Sunday Sonder: Portrait Poems
The word Sonder comes from a definition written by 
The Dictionary of Obscure Sorrows. 

n. the realization that each random passerby is living a life as vivid and complex as your own—populated with their own ambitions, friends, routines, worries and inherited craziness—an epic story that continues invisibly around you like an anthill sprawling deep underground, with elaborate passageways to thousands of other lives that you’ll never know existed, in which you might appear only once, as an extra sipping coffee in the background, as a blur of traffic passing on the highway, as a lighted window at dusk.

I found the meaning of Sonder absolutely breathtaking.
Every Sunday for forty Sundays, I decided to illustrate a stranger and imagine part of their existence within a short three-lined poem.
This is Judith. 
Judith believes in God but fears the afterlife, 
she enjoys the sun 
folding over the cat in the window.
This is Franklin. 
Road rage keeps him company on his commute, 
he'd rather be in a bubble bath
listening to dreampop.

This is Sara.
Sara is her mother's caretaker,
the best part is 
watching her paint.
This is Jeremy. 
He doesn't care who knows
about the secrets
his beard grows.
This is Cynthia.
Part-time after time, 
she'll get along just fine
with a hug from some wine.
This is David.
Just because he's dark and tall,
Doesn't mean you'll see him 
playing ball.
This is Phil.
Collecting and connecting to
the stories lost and found,
his wife tells him, "slow down."
This is Laura.
Serving with a smile
nothing tastes quite like
This is Joseph.
Through his innocence
he gains experience;
if only it could last forever.
This is Renée.
She savors the simple;
a cloud with curiosity 
a mimosa with melancholy.
This is Moriah.
Just like her sister hope skips on the river;
singing, swinging;
Being and believing.
This is Ian.
Though he may be nervous,
certainly uncertain,
possibility dances on his fingertip.
This is Steven.
Near sunrise the tide recedes,
he hears his mother 
in the breeze.
This is Dorothy.
Her garden ripe with summer
showing no signs of slowing
just like the children.
This is Al.
He sold the business
for a new light of life
of which there is no price.
This is Martin.
Sometimes he is moved to dance, 
watering concrete plants
the street lights say come home.
This is Sophia.
Soft petals, sweet and discrete,
a breeze through her hair
Her mind the flower.
This is Alton.
A life to exist
Much more than compact discs,
A husband, a father, a son.
This is Paul.
Hair height, soft spikes,
A life of liberation; No symbols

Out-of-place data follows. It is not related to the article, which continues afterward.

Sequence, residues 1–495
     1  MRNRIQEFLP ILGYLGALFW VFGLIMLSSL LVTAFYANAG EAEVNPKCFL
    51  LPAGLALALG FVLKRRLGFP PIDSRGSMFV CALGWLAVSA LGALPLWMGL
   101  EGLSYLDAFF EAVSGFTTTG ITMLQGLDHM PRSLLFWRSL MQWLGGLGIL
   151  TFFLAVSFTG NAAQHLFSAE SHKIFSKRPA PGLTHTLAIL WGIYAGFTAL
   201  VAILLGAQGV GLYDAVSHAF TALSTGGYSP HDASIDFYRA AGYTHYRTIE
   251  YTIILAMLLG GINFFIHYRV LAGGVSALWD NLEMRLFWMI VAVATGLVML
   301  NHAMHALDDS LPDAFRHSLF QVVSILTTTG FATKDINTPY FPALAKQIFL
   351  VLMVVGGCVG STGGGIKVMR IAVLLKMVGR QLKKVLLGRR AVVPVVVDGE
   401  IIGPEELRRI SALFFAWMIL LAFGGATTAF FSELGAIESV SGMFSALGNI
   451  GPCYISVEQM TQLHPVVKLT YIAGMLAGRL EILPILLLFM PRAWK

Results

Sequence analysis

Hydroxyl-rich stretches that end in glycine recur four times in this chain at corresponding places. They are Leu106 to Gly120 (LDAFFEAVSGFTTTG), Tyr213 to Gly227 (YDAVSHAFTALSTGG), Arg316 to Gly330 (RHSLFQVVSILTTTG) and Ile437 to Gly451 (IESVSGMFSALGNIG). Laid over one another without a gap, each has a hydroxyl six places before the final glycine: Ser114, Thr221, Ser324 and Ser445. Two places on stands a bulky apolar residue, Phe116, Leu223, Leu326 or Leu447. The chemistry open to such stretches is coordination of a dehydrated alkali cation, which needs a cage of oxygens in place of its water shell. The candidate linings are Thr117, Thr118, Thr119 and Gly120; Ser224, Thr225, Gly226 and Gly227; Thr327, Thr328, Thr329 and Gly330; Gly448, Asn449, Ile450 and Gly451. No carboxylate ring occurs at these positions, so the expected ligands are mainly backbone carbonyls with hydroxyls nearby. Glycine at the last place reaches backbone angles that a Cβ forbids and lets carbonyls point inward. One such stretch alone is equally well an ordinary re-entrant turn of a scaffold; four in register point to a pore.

systems, vivid living vibration.
This is Richard.
Tethered to time,
a desk, a mouse, a decent house;
Uncerntainty surrendered to security.
This is Violet.
An intellect, weighed by debt;
Could be in the way
the profits like to play.
This is Timothy.
The oldest at thirty-three.
He knew him best, completely,
his cup dry with black tea, still happy.
This is Keith.
Full with the sun, never had a gun
They knew, but couldn't 
see through the light.
This is Jennifer.
A call tossed toward her
shifting into more words, still
forward, she has more worth.
This is Stewart.
A sales clerk, tucked-in shirt
buttoned down deserving
more than the numbers he is serving.
This is Pete.
A sweat bead, cured concrete,
rain, snow, summer heat;
moving til the ends meet.
This is Anthony.
From the age of three, who to be?
Unmasked masculinity
"Be a man" - feel the swell, hold a hand.
This is Kay.
Night and day,
feelings fold a thousand ways
waiting for the sun to stay.
This is Louis.
An old dog with few tricks,
but the truth is -
Nothing's useless.
This is Amal.
Studying the recipe for refuge,
sewing her brothers shoes,
once more refused.
This is Drew.
For all they knew 
or could have known,
to choose to see or to be shown.
This is Florence.
In between moments of unrest 
She could sense, no defense
Beyond bodies we only rent.
This is Dawn.
A retail pawn, her smile 
drawn on with fluorescents,
"That will be eleven dollars and ten cents."
This is Dallas.
We will have won, for the water
the soil, your son and daughter
One with the land, we stand.
This is Michael.
An irretrievable intellectual
marching tall into
thickened white fog.
This is Romona. 
She knew of love
intense in chroma,
her own Jehovah.
This is Jim.
Forgive him...
should he sin, dying to live within 
and without doubt after doubt.
This is Amanda.
She walks with pattern
Of human-held standard
Still random but planned some.
This is Levy. 
Searching for a beginners guide
a sense of time
how to receive and unwind.
This is Rose.
Every time the lake unfroze
seasons of thought and home
exposed, memory juxtaposed.
Thank You!
Sunday Sonder: Portrait Poems

Sunday Sonder: Portrait Poems

Sunday Sonder is a portrait poem series about the lives and existence of strangers; these are their stories.